He says having a technical committee on disabilities is a must to ensure access for disabled persons.

Anthony, who is a wheelchair user, says having a disabled person in the committee is also crucial to ensure plans are usable.

“All new buildings [in PJ] now need the committee’s approval. Through this process, we’ve spotted many plans that needed improvement. Often, [developers] genuinely have no clue [about how to construct a disabled-friendly building].”

Anthony says the PWDA is “useless” without a disabilities committee in every council. “Change must be top-down, not down-up,” he says. “It has to start with the pavements outside your house, not at some beautiful five-star hotel or shopping complex.

“If Najib means what he says [about ensuring all public buildings and amenities are disabled friendly], he should set up disability committees in all councils,” says Anthony.

Anthony predicts that a satisfactory level for disabled access can be gradually achieved in three years, provided the council stays committed. The council also plans to build 150 disabled-friendly car parks with shelters, and now issues official disabled passes for free. It also built a 500m universal-design pavement along Jalan Gasing that is disabled friendly.

Tan adds that accessible facilities do not just benefit disabled persons, but can also be used by senior citizens, pregnant women, and adults with prams.

Making change happen

On a national level, Chin says the government needs to set up a board of inquiry with session court powers if it seriously intends to address issues faced by disabled persons.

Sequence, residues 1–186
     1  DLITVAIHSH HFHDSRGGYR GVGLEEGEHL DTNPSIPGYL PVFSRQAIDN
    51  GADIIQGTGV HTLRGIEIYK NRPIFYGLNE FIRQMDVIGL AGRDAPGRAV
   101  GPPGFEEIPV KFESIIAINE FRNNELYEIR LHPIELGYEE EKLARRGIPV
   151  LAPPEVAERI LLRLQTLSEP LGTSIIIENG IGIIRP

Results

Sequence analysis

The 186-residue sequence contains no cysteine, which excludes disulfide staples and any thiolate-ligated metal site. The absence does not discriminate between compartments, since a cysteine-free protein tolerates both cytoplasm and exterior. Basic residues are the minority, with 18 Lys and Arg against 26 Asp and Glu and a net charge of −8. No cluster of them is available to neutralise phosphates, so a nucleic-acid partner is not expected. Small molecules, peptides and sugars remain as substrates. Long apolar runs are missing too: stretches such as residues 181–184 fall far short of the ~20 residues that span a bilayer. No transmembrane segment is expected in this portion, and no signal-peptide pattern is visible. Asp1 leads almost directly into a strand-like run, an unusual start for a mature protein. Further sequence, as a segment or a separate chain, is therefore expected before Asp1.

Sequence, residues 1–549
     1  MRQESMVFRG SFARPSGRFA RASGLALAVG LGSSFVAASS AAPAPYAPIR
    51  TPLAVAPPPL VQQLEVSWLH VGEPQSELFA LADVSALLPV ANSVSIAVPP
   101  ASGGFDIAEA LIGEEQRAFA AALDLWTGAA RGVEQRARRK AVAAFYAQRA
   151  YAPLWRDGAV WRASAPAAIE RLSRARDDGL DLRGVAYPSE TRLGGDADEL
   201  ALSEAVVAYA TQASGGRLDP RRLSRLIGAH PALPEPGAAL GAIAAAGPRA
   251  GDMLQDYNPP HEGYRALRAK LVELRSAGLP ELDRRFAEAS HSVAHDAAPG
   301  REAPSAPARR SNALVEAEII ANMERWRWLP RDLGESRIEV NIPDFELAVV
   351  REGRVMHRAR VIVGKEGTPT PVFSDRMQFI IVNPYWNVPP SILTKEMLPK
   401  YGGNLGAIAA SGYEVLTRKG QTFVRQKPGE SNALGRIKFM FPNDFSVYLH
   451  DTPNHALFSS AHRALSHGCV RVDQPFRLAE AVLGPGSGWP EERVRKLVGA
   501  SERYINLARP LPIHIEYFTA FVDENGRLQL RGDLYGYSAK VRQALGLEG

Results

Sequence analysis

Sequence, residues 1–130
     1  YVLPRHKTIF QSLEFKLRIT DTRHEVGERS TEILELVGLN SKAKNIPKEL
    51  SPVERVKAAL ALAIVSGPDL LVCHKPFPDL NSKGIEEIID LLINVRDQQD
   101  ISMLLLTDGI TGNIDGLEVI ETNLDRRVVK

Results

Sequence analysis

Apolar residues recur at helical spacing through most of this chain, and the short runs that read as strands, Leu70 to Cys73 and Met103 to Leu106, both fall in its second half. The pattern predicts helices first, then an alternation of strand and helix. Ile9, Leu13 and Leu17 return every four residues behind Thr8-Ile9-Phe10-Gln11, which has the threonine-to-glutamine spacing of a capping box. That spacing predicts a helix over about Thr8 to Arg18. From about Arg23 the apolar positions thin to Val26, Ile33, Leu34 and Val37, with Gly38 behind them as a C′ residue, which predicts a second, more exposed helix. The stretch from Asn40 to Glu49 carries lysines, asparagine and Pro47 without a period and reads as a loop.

“At the moment, there is no machinery for channelling complaints and to draw the government’s attention to grouses,” says Chin. “You can write a letter just like to any government department, but there’s no accountability to this process. So how effective can it be?”

The PWDA establishes a National Council for Persons with Disabilities chaired by the minister in charge of social welfare, which meets at least thrice yearly to implement the PWDA.

However, Chin says the PWDA doesn’t provide for any sanctions if the government fails in its obligation to provide equal opportunities of access as outlined in the PWDA. Further, there are conflicting provisions in the PWDA on whether an individual can sue the government for not meeting its obligations.

“Without penalties [for contravening the PWDA] and a board of inquiry, [the Act] is more like a policy statement. There should be separate regulations made to ensure that implementation is down-to-earth and practical,” says Chin.

Chin notes that sanctions already exist for buildings that do not comply with the Uniform Building Bylaws, which provide for disabled access. However, enforcement has been weak. “Even when there are legislative provisions providing for sanction, its success depends on enforcement,” she says.

Although Malaysia signed the UN Convention, we did not ratify it or sign the Optional Protocol. The protocol allows those adversely affected by a country’s non-compliance with the UN Convention to report such violations to the UN committee, which oversees its implementation.

“The authorities often say that things cannot change overnight,” says Tan. “I have been a wheelchair user for 26 years, and have not been able to live independently even after the PWDA or Uniform Building Bylaws amendment.

“Fifteen years since the bylaw amendment, politicians are still using this excuse.”